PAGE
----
By 1900, Southern laws and customs prevented African Americans from having equal access to public accommodations such as restaurants, toilets, and theaters. In some cases separate accommodations, based on local custom, also existed in the North. For example, an 1944 interview with Mary Church Terrell in the Pittsburgh Courier revealed that African Americans were allowed in to eat at public lunch counters until the end of the 19th century. She said, "I remember stopping at the drug store on the corner of 9th and F streets for service. The white clerk told me it was my last service, that the behavior of a loud Negro man there previously had caused them to alter their policy of serving colored people there." But discrimination was far from uniform as this image suggests from 1951 of a lunch counter, located at the corner of Diamond and Wood Streets in Pittsburgh, with doors that open onto the street.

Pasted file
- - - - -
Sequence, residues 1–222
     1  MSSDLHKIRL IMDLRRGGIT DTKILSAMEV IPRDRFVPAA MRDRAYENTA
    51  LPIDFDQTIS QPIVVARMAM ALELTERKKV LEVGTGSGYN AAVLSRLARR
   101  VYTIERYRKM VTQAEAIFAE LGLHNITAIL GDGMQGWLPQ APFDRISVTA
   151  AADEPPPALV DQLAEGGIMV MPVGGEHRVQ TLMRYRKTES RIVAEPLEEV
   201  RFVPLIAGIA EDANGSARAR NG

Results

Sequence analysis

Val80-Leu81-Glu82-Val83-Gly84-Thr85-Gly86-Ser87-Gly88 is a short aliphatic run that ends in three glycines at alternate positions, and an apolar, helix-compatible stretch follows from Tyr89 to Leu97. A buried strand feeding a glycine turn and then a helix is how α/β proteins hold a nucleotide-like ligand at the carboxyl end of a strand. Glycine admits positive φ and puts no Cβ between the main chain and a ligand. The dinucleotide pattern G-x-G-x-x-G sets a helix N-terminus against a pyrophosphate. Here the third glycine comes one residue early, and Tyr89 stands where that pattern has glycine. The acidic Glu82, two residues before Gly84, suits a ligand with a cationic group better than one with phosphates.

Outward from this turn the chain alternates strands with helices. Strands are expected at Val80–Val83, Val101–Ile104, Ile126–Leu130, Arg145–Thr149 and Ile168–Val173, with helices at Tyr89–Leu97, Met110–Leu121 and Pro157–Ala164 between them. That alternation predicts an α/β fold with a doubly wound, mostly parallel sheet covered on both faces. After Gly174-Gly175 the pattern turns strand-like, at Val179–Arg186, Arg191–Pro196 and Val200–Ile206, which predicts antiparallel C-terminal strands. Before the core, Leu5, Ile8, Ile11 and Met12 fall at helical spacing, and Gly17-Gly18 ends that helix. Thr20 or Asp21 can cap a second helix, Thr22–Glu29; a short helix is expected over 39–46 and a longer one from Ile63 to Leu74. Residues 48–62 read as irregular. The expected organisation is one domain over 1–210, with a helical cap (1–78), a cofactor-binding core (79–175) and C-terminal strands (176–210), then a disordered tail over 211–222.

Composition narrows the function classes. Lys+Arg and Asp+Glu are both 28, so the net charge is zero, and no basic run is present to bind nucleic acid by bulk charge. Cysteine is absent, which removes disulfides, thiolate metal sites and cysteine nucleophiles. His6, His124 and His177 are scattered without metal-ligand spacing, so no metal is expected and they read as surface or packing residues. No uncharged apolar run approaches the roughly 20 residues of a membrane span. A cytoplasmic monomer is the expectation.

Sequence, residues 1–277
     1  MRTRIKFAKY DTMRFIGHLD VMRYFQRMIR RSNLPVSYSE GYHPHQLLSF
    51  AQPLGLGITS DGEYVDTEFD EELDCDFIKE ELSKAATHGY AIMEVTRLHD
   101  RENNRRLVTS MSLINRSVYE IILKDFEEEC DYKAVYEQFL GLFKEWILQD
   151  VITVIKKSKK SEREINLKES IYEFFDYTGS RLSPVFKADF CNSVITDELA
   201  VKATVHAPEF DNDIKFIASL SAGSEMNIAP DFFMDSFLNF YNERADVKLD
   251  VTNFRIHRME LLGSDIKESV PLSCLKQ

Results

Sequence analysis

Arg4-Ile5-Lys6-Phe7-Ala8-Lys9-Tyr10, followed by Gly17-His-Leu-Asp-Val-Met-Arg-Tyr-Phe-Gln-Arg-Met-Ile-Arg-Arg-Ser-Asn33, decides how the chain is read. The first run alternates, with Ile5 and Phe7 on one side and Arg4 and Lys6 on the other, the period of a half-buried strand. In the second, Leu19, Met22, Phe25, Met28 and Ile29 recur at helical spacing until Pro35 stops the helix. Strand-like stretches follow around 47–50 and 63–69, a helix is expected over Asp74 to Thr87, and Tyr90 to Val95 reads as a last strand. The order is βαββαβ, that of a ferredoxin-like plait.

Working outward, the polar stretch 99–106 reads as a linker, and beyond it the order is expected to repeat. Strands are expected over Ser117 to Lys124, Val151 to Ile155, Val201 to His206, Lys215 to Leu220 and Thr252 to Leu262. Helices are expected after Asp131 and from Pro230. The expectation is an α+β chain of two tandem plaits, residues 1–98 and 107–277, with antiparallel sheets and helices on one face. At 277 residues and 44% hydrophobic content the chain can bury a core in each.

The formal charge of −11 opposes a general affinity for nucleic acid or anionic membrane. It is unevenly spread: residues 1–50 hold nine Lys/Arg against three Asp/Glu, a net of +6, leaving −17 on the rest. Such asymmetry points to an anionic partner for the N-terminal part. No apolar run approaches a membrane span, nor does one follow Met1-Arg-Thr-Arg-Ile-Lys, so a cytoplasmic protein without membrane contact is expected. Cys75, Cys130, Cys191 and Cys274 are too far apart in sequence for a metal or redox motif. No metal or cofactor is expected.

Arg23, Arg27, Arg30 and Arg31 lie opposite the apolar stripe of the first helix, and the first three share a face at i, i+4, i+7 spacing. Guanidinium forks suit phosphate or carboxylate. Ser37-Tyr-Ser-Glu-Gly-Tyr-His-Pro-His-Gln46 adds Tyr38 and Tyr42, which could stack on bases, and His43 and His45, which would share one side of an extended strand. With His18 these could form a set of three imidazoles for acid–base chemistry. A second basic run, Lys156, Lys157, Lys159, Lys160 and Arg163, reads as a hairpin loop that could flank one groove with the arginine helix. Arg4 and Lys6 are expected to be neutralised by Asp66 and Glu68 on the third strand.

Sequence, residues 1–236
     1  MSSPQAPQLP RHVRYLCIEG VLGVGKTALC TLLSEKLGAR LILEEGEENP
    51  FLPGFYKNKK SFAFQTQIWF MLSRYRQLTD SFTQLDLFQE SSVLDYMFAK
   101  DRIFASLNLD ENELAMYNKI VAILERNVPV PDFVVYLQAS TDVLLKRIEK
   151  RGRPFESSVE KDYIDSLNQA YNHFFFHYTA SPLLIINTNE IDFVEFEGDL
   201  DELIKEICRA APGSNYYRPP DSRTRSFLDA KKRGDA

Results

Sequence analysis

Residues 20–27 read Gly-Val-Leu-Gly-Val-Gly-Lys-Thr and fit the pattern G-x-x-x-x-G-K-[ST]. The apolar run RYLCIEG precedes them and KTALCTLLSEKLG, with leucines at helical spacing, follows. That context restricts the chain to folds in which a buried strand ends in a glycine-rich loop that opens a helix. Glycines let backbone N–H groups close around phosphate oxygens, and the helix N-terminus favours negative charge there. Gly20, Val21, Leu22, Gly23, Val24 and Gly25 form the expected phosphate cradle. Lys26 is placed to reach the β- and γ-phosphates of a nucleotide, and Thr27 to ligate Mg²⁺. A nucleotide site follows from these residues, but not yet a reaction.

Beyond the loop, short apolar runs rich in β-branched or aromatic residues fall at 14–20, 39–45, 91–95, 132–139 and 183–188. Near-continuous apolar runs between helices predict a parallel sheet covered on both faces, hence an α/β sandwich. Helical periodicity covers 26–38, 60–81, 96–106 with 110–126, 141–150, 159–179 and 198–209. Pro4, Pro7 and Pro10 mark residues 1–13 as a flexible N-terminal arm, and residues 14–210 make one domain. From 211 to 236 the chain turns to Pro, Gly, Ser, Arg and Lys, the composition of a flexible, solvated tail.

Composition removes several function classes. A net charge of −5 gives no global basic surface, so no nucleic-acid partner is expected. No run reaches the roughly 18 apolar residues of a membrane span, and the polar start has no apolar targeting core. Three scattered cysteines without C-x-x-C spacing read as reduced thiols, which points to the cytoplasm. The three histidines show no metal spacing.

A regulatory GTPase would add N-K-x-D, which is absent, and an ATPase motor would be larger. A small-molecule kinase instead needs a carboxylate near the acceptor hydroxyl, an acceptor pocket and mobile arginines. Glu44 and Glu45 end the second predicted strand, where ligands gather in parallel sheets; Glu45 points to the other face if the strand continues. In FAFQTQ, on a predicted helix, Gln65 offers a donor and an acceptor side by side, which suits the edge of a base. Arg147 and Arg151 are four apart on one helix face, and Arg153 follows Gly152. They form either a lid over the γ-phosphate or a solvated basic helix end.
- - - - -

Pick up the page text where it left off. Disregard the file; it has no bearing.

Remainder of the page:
Richard Saunders, "Lunch counter at corner of Diamond and Wood Streets," July 1951, (#5731), Collections of the Pennsylvania Department, The Carnegie Library of Pittsburgh.